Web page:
EDEN PRAIRIE, MN—While stressing that he loves his 6-month-old son Jordan "more than life itself" and that fatherhood is "a whole new world opening up to you every day," 36-year-old Greg Henderson admitted Friday that he misses the days when baseball was merely an enjoyable game and not an almost endless collection of meaningful and profoundly significant life lessons.

"I've been a fan of the Twins as long as I can remember," Henderson said. "And it hasn't always been easy, either. But at least before Jordan was born it was an excuse to doze off in front of the television with a beer, not a metaphor-laden allegory for every single important thing in life."

Henderson claimed he first noticed baseball had become fraught with the weight of meaning just before pitchers and catchers reported for spring training late last month, an event that had once been a pleasant occasion for speculation and idle thought but had now been transformed into a ritual of rebirth, an example of the cyclical nature of life, and a powerful symbol of hope.

"I was looking over the Twins’ possible starting rotations while holding Jordy in my lap, wondering if being a dad would give me time to do the office fantasy baseball team this year, and I found myself telling him all about how life gives you new chances all the time, how it’s important to persist and keep trying, and suddenly I was moved to my soul," Henderson said. "It was really annoying, let me tell you. One little baseball article in the Star Tribune and I turned into Billy fucking Crystal."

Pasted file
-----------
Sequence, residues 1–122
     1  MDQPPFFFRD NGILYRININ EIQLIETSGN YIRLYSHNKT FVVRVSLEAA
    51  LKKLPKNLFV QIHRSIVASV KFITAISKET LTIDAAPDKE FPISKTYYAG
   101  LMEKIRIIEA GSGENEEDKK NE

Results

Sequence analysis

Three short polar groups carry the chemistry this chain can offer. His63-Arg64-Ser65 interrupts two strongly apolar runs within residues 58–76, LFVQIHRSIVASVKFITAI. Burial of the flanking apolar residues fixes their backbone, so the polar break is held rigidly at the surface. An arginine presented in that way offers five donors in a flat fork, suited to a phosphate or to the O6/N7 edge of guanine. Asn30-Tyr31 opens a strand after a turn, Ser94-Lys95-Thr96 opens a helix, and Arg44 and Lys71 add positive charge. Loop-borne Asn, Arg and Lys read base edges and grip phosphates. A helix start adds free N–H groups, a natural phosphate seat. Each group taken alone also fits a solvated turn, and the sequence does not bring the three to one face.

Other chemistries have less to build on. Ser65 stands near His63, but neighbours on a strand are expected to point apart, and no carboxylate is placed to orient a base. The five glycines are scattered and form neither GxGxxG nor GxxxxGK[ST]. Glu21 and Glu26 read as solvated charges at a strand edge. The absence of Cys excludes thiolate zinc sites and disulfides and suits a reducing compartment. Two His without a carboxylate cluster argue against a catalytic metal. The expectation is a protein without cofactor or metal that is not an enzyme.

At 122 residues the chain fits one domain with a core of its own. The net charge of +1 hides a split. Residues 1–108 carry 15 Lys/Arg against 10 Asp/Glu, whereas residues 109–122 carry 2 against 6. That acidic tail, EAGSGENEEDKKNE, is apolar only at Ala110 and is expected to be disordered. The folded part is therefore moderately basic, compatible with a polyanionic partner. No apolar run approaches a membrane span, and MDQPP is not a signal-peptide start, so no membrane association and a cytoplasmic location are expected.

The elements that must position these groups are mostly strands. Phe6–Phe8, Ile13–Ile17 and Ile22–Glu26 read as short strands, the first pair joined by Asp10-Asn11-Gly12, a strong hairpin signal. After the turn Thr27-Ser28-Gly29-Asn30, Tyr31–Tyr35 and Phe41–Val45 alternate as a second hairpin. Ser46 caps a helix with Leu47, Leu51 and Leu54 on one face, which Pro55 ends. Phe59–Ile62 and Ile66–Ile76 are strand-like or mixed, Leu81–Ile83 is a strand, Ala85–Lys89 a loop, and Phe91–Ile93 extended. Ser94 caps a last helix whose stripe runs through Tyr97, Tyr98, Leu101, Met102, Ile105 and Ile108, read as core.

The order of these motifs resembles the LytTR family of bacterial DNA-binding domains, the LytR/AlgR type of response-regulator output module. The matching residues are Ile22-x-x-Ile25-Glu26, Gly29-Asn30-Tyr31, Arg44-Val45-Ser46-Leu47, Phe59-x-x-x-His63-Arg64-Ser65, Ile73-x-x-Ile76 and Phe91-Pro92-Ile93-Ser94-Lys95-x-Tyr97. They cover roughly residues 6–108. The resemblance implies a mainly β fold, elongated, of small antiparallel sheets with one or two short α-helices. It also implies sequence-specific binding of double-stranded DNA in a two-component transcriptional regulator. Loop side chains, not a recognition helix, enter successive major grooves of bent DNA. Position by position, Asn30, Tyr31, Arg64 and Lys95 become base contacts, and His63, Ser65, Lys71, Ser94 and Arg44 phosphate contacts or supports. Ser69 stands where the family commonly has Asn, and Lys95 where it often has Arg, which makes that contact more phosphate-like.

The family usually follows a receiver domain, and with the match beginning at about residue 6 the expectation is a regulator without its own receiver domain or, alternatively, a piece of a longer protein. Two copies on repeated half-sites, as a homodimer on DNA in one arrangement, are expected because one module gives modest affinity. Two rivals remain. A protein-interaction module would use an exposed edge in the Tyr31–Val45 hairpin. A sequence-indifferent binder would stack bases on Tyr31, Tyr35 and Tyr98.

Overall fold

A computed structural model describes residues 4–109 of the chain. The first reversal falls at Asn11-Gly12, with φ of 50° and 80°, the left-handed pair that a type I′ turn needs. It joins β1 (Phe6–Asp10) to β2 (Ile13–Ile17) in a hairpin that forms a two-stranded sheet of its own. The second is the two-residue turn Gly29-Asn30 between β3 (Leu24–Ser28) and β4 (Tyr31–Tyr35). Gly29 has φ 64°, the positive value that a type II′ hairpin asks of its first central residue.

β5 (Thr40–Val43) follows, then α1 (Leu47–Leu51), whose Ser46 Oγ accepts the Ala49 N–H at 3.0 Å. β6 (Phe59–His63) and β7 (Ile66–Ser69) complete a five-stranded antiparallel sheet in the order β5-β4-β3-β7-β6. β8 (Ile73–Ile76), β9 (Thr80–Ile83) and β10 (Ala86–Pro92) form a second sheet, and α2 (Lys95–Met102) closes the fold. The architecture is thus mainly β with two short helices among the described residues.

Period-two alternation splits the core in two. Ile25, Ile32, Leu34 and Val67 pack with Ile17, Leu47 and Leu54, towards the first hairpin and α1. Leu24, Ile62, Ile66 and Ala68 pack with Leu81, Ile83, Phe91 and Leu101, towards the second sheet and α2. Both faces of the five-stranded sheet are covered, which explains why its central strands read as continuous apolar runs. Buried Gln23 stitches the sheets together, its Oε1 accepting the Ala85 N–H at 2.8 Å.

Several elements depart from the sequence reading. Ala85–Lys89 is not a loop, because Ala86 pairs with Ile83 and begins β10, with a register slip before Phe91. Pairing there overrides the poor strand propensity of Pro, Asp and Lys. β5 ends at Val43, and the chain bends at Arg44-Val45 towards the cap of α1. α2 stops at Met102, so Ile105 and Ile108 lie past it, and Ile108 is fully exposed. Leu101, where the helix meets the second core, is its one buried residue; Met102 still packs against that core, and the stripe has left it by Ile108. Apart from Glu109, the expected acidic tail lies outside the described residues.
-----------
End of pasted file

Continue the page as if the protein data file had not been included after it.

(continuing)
While naturally preoccupied with the normal business of fatherhood, Henderson’s only baseball-related involvement with Jordan had, until recently, been limited to purchasing the baby a Twins onesie and cap and placing a small toy baseball in his crib. However, his perspective changed when Susan, Jordan’s mother, put the onesie and cap on the boy, who then began playing with the toy baseball.

"Suddenly all I could think of was having a catch with him while teaching him all the values of the game—the fundamental fairness, the way it rewards those who stick with it for the long haul, and how it’s a perfect blend of individual achievement and team play," said Henderson, recalling how he had also been flooded with memories of playing ball with his own father, who passed away in 2007 and would have loved to watch the Little League games in which Henderson now feels Jordan will surely participate, if not star. "This time last year, I was just talking with the guys about how awesome it was that Kent Hrbek was such an asshole."

"This is really pathetic," Henderson added.

As of press time, Henderson had reportedly found himself increasingly unable to separate the idea of baseball from the practice of fatherhood, going so far as to watch the 1989 Kevin Costner vehicle Field Of Dreams while cradling Jordan and muttering softly to the boy that, while he was far to young to understand it now, he would come to value everything the movie represented when he grew older.

"I really don’t know what’s wrong with me," Henderson added. "At this point, I can hardly wait for the meaningless brutality of football season so I can get back to just being a normal guy again.”